The clearinghouse that approves services under the Family First Prevention Services Act has agreed to reconsider a training program it downgraded last winter.
Family Centered Treatment, or FCT, which is used to train biological parents and other caregivers on the effects of trauma on children, had received transitional approval in 2019 to be among the services that states could fund under the law, which fully takes effect in all states on October 1. The Family First Act opened up the Title IV-E entitlement, previously reserved for foster care and adoption expenses, to help states pay for efforts to prevent family separation in some child welfare cases.
FCT received the highest evidence-based rating, Well-Supported, through a transitional review process put in place while the clearinghouse was just getting its own work underway. But in February of 2021, in its formal review of the model, the IV-E Prevention Services Clearinghouse found that it did not meet the criteria for Family First funding. It was not clear at the time what had caused the change.
Several states had already written the model into their plans for Family First funding, and now were confronted with either paying for that service without federal support, or putting its use on hold. The Family Centered Treatment Foundation, a nonprofit that is contracted by states to train and certify workers on the model, met with federal child welfare officials at the Children’s Bureau in April to discuss that and to try and get help in determining the cause of the downgrade. It was evident that the shift had something to do with the clearinghouse’s interpretation of the evaluations offered as evidence of FCT’s effectiveness.
Days after that meeting, the clearinghouse — which is operated by the company Abt via a contract with the Children’s Bureau — provided a detailed rationale for its decision to the foundation, which did outline ways in which the evaluations of Family Centered Treatment did not, as is, comport with the clearinghouse’s handbook for high-quality research; a fixable problem, in that older research can be reworked to fit the parameters of such guides.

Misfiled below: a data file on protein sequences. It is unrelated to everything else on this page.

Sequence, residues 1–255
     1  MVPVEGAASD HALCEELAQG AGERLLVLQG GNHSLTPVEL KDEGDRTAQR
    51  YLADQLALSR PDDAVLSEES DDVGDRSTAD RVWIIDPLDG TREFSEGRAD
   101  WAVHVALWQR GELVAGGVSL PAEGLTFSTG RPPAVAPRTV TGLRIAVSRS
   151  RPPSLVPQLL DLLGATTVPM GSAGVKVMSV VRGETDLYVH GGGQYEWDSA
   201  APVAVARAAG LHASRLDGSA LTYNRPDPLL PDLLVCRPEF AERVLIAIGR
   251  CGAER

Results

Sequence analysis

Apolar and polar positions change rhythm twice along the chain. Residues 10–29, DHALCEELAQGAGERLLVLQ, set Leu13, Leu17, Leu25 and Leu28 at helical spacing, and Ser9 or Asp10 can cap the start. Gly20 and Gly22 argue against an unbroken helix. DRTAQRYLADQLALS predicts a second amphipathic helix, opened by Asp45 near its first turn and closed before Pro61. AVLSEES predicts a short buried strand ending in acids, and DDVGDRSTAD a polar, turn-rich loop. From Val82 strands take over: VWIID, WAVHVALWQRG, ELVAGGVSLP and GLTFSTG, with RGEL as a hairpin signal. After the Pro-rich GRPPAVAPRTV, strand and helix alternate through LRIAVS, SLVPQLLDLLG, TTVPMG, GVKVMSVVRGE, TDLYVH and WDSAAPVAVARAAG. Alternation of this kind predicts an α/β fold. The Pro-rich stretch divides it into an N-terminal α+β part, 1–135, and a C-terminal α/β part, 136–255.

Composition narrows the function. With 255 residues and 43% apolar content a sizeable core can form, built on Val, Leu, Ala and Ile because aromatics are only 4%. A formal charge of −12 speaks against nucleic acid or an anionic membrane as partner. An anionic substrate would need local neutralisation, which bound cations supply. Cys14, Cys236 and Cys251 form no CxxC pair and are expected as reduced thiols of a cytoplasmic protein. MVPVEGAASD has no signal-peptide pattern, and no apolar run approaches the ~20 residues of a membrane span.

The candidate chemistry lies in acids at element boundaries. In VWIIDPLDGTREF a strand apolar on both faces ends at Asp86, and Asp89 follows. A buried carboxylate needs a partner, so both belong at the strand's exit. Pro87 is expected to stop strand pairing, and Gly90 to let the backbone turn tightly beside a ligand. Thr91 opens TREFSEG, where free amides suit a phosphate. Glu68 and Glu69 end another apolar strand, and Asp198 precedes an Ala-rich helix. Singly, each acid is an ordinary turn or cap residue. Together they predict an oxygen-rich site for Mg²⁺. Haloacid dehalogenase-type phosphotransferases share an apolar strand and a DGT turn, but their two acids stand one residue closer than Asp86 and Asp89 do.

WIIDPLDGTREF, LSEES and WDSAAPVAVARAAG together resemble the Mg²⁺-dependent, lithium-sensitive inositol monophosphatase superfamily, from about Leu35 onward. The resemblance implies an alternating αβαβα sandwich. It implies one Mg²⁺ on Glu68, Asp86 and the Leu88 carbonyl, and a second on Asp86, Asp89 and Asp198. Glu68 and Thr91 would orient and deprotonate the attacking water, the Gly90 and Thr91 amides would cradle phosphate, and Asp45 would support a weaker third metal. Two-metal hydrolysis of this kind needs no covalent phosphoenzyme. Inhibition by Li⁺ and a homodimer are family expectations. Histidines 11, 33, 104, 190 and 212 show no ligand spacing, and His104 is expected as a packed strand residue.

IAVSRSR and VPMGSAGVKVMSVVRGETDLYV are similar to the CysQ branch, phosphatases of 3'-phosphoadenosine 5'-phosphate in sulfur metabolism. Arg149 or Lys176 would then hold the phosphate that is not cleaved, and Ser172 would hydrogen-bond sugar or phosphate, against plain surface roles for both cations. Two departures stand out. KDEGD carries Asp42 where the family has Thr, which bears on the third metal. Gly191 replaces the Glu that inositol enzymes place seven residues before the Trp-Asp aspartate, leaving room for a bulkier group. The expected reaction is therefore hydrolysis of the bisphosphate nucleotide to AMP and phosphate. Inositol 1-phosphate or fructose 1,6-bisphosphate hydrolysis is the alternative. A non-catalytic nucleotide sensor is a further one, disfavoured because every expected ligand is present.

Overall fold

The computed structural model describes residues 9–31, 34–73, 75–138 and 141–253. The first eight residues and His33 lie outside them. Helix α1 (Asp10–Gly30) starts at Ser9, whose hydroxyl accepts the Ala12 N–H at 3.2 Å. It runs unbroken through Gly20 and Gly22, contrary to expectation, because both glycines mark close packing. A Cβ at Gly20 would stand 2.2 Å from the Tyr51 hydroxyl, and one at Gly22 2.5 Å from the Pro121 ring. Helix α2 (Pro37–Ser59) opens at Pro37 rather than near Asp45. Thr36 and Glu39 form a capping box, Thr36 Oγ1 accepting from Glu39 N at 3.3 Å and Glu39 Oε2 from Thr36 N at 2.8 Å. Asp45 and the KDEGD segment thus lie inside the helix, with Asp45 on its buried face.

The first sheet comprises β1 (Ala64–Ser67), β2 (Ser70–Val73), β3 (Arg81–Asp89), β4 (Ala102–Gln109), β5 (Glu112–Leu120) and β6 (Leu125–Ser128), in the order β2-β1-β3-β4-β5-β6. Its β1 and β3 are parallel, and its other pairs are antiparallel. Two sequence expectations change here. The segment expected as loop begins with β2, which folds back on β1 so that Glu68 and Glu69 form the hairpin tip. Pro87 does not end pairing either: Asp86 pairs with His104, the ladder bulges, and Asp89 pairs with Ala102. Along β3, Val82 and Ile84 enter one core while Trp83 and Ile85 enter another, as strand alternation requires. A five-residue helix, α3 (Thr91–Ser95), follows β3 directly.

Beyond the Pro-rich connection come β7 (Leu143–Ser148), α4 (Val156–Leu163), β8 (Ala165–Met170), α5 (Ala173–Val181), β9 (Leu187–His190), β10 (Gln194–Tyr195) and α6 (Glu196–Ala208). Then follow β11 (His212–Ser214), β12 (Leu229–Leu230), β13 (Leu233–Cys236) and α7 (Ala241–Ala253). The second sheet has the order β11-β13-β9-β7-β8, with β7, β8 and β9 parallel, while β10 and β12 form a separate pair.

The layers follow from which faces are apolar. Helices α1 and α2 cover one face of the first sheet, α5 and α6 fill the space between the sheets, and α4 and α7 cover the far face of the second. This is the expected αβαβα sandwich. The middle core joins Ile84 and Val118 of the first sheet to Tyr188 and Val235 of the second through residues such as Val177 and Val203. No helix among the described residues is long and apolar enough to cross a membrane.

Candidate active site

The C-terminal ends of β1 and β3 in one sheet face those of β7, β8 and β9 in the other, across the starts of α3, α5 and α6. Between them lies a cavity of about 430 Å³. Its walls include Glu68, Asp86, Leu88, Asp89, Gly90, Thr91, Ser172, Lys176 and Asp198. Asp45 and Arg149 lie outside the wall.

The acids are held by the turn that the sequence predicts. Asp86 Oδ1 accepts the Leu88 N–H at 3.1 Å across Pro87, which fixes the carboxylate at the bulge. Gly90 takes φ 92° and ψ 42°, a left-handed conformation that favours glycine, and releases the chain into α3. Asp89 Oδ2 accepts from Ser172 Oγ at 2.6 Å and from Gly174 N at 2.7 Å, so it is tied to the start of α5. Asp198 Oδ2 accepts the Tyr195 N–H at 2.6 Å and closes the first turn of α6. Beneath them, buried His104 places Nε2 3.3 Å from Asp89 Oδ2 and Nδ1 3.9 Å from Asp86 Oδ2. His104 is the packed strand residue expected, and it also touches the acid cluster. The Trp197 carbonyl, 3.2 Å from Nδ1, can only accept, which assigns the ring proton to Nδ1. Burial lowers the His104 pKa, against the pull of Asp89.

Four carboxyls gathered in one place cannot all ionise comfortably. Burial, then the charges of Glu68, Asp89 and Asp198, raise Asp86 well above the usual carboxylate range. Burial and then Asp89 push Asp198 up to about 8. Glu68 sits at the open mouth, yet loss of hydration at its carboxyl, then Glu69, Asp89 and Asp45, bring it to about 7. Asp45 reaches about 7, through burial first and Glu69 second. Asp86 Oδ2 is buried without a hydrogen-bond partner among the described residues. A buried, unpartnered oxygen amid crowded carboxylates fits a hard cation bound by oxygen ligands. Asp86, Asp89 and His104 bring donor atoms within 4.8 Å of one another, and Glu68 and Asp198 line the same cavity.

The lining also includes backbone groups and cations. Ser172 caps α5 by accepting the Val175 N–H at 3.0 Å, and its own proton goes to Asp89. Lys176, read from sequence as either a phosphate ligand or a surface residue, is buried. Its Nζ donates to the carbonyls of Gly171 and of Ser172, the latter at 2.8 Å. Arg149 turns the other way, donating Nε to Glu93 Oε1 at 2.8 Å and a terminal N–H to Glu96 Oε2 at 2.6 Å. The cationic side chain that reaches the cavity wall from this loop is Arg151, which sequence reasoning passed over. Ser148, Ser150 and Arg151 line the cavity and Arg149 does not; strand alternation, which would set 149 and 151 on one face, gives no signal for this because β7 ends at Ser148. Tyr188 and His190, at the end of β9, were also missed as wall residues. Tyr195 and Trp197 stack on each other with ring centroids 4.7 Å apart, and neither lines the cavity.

“Some things cited were valid” in the explanation, said the foundation’s executive director, Tim Wood, though he wondered why those details could not have been shared sooner.
Wood said the foundation hired researchers and consultants to re-analyze the study of FCT in question, and re-submitted it to the clearinghouse. And last week, the clearinghouse notified Wood that it “has decided to conduct a formal re-review” of the model.
But a new decision may not come in time for at least a small disruption. Family Centered Treatment was still eligible for federal funding for a few quarters after the clearinghouse removed its evidence-based status. But unless the re-review is finished in its favor by the end of this month, IV-E funds won’t be available for Family Centered Treatment on October 1.
This is the second significant re-review announced by the clearinghouse in the past month. It is also reconsidering the chief evaluation for an Ohio kinship support program that was originally nixed by the clearinghouse in mid-March of 2020. The Family First Act offers states a 50-50 split on the costs of kinship navigator programs; If the Ohio model gains a rating of Promising or higher, it will be the first kin support program approved for this funding.
The clearinghouse is also re-reviewing two programs that already rate inclusion for prevention services, but could see their rating increase or decrease based on the process: Child-parent psychotherapy, a mental health intervention, and Intercept, which uses family intervention specialists to prevent foster care utilization or support reunification of families.